In witty and subtle fashion, Wilder mixes American culture with the cabaret ambiance of the Weimar Republic. Erika von Schlütow is framed as a cabaret singer who had close relationships with Adolf Hitler and Joseph Goebbels, as well as an affair with former Gestapo agent Hans Otto Birgel. Phoebe Frost (Jean Arthur) finds a newsreel in which Erika appears side by side with Hitler. Frost is an Iowa congresswoman in a United States congressional committee assigned to visit and supervise the American troops in Berlin.

Phoebe Frost has many affinities with Ninotchka (played by Greta Garbo in the Lubitsch film) and Doctor Mueller, our Nazi quasi-heroine. These three characters share strictly ideological standpoints: puritanism, communism and Nazism (respectively). However, they fall in love, which opens their hearts and minds to re-evaluating their beliefs. Further, they are all a part of a regime that ultimately exiles them.

Marlene Dietrich and Billy Wilder

While A Foreign Affair shares many similarities with Heil Darling, its temporal context is completely different. The former contemplates the world after the allied victory and Hitler’s suicide, as well as a Berlin occupied by allied powers. In the latter, the war hadn’t started yet. Hitler and the Third Reich are a very real threat to Josh, his colleagues as well as many Austrians around them who were seeking asylum. In 1938, Wilder wasn’t aware of the Holocaust. He did not know that the Nazis murdered his family. These differences in historical context also have a notable impact on the dangers faced by the characters. 

What truly distinguishes Heil Darling from Wildler’s other work is the theme of the forbidden marriage between an Aryan and non-Aryan character. Wilder touches on a theme that was taboo in its time19. On one hand, Wilder mobilises his flair for comedic dialogue to talk to a (potentially) mainstream audience about brutal political relaties. On the other hand, the central conceit of Doctor Mueller is quite unique. Little by little, she is seduced by Josh and abandons Nazi ideology. In 1939, the world knew Hitler’s name, but we didn’t know about his war crimes until after concentration camps were liberated.

Heil Darling and its role in Billy Wilder’s career

In my opinion, Heil Darling is key to a more nuanced understanding of Billy Wilder’s point of view and aesthetic pursuits. Gerd Gemunden writes, “the tension between insider and outsider is also crucial for Wilder’s notion of Jewishness. To be Jewish had vastly different meanings in the respective cultures in which Wilder lived, making the experience of Anti-Semitism anything from a daily nuisance one could ridicule or ignore, to a major stumbling block for a professional career, to a life-threatening situation.”20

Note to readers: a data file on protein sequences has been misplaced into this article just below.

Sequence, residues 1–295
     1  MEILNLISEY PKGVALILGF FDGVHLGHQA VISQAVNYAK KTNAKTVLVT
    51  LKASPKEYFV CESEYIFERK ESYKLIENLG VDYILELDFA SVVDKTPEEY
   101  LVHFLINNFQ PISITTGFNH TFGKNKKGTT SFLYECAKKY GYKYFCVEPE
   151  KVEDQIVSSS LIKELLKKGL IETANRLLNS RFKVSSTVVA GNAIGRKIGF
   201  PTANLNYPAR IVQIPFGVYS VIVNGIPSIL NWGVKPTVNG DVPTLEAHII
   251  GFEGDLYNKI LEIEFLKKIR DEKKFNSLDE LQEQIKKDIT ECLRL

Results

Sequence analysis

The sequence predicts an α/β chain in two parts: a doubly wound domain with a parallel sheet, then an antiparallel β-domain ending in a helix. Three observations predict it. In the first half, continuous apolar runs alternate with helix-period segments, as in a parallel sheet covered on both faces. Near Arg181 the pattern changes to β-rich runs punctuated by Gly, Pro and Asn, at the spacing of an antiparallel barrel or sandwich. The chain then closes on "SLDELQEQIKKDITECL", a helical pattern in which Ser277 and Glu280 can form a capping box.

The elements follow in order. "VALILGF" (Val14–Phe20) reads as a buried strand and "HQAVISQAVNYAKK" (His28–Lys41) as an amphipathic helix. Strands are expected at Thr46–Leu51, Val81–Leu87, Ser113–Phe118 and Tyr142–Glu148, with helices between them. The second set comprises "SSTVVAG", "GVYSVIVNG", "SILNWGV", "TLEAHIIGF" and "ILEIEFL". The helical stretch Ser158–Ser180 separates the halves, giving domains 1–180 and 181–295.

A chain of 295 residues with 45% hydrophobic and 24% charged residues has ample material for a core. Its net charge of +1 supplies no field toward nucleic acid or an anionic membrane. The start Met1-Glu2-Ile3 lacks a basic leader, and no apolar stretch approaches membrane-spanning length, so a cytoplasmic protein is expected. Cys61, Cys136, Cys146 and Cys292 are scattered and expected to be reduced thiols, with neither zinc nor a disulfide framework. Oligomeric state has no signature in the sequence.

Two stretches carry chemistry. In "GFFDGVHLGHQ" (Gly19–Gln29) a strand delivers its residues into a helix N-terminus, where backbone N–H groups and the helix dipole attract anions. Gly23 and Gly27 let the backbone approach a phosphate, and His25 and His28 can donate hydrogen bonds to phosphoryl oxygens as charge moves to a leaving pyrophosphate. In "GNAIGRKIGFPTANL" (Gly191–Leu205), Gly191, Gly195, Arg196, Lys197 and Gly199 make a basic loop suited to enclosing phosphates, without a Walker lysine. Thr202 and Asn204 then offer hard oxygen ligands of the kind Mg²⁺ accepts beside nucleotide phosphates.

Marlene Dietrich and Billy Wilder. In the late 1930’s, they created a fund to help Jews and dissidents escape from Nazi Germany.21

The tensions between speaking the unspeakable, oscillating between loyalist and traitor, exile and asylum, escaping and surviving are quite prominent in Heil Darling. Therefore, I believe that this script should be included as a key work for the critical revision of studies about Billy Wilder’s career as well as in examinations of the different ways that Hollywood confronted Anti-Semitism in the 1930s. As I have argued here, unfilmed scripts and screenwriters’ voices can play a central role in these revisions. 

By way of conclusion, I would like to include a more personal note. The year of 2019 was a strange one. It was when I first visited the Margaret Herrick Library and became acquainted with Wilder’s script. I am Brazilian. The year of 2019 also saw my country experiencing the beginning of a radical right-wing president’s term, with obvious fascistic tendencies. As far as I know, we do not have a predominant strain of Anti-Semitism in Brazil. It is evident, however, that the president and his State policies are acting ruthlessly against Indigenous people, Black people, LGBTQ+ populations as well as the environment. 

In retrospect, it’s easy to see the fascism in places Wilder used to call home. Namely Austria, Germany and the United States. While reading Wilder’s script, I empathised with his characters. Still surprised at how history can repeat itself, a fact that is both tragic and farcical. There are moments in history when one’s lips cannot say precisely what should be said, yet they cannot remain silent. From this point of view, Wilder’s unfilmed script is indeed a great masterpiece. To laugh, therefore, is also a way of sounding the alarm of history.